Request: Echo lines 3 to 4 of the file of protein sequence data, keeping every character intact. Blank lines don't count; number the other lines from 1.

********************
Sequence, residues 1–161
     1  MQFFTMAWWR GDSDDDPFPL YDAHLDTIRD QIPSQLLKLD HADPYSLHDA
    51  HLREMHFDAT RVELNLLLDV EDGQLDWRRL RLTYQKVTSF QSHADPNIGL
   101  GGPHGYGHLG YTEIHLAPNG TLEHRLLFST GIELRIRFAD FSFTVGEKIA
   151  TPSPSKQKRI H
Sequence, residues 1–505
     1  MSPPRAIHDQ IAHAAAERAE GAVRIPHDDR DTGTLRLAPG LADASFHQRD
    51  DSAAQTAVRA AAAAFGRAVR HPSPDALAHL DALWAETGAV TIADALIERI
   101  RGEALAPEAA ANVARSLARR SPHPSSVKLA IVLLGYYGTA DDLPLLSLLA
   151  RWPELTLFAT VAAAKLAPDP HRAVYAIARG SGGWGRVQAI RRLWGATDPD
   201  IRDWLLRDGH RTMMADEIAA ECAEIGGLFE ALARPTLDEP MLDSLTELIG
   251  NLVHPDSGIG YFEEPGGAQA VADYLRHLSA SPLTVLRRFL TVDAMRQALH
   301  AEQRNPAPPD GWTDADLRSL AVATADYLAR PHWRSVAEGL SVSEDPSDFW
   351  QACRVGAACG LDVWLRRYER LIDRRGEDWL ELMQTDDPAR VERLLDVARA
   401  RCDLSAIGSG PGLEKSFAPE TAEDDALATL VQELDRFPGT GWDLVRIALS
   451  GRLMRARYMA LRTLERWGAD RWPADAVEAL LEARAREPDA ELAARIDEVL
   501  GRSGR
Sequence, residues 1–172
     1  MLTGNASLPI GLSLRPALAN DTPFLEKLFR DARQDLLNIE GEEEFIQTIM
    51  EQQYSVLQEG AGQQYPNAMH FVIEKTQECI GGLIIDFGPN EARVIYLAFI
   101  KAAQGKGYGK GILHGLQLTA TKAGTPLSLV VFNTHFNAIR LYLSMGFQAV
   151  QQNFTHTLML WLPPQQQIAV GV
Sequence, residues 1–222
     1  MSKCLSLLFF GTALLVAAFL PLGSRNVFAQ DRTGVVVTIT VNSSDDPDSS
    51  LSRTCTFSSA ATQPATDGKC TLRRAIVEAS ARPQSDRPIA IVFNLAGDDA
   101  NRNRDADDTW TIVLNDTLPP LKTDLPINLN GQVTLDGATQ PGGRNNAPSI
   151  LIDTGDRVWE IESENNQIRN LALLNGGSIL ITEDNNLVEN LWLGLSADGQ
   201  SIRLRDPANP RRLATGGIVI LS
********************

    51  HLREMHFDAT RVELNLLLDV EDGQLDWRRL RLTYQKVTSF QSHADPNIGL
   101  GGPHGYGHLG YTEIHLAPNG TLEHRLLFST GIELRIRFAD FSFTVGEKIA